The design of the Deseret Peak Utah Temple is patterned after the Pocatello, Idaho temple and draws upon the rich pioneer heritage of the Latter-day Saints that settled the Tooele Valley and who continue to patron temples today. Many architectural elements reference pioneer architectural styles of tabernacles and churches, including the triple-arch, strong cornices, and carved wood millwork. The arched portal is both a reference to pioneer architecture and a character-defining element of progression that highlights the visitor’s experience through the spaces.
Magnificent views to the Great Salt Lake and the surrounding Oquirrh and Stansbury Mountain ranges provide a stunning backdrop to the architecture. The temple gets its name from nearby Deseret Peak, the highest point in the county and the fourth most prominent peak in Utah named by the Latter-day Saint pioneers that settled the valley. The building is symmetrical and classically proportioned, with a prominent central tower topped with a copper roof. Copper was mined and used from pioneer times until today, sourced from the adjacent Oquirrh Mountains. The exterior cladding utilizes locally sourced dolomite rock.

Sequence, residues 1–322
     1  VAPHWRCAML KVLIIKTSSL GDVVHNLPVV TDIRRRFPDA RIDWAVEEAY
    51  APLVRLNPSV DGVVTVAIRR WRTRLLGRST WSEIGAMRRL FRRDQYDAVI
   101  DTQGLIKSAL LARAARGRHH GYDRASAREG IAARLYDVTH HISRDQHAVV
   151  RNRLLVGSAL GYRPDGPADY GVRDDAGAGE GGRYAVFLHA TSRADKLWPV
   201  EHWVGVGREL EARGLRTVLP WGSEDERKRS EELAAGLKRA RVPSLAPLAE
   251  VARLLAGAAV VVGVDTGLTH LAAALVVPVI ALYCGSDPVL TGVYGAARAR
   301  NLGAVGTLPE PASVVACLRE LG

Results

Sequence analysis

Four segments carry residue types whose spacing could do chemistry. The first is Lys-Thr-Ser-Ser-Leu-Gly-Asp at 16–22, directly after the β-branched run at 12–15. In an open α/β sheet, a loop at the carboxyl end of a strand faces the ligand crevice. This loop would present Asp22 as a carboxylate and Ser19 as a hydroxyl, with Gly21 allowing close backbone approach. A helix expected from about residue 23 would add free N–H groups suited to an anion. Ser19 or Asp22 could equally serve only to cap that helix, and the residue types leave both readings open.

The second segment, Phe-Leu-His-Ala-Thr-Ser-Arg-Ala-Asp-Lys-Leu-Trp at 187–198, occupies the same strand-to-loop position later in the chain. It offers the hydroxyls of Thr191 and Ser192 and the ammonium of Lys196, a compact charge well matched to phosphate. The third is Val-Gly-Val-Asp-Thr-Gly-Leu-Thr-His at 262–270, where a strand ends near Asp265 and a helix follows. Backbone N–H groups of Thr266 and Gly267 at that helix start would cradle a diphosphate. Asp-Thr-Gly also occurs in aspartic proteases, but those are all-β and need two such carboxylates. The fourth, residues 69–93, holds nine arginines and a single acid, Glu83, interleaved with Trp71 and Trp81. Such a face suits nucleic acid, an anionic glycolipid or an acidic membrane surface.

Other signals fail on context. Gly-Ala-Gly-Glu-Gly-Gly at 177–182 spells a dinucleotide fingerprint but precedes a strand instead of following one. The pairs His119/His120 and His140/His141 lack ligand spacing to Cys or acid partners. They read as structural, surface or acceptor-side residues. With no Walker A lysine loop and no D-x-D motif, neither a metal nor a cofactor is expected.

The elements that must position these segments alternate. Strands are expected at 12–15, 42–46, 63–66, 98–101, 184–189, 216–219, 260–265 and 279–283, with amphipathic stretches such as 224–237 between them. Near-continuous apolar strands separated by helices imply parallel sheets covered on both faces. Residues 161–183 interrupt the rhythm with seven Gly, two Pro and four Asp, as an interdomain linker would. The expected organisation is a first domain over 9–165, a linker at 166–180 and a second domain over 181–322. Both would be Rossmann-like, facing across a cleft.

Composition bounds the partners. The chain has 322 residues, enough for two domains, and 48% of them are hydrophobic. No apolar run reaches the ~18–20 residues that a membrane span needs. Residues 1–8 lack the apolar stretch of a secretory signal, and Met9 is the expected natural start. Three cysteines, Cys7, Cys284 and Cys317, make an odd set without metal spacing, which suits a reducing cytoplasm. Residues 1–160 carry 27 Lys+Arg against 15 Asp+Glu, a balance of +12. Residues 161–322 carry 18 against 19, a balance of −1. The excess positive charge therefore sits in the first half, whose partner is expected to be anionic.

The valley’s natural beauty is highlighted in the stunning art glass windows, decorative paint, stone and wood carvings, and decorative motifs throughout the building. The architecture incorporates motifs of regional plants, including mountain lupine, cliffrose, and the natural grasses that impressed the pioneer settlers when they first arrived in the valley. Together with the local geography of majestic mountain silhouettes and salt from the Great Salt Lake, these plants inspired the color palette and geometry of decorative interior patterns. The principle colors utilized in these decorative elements are purples, greens, blues, and golds.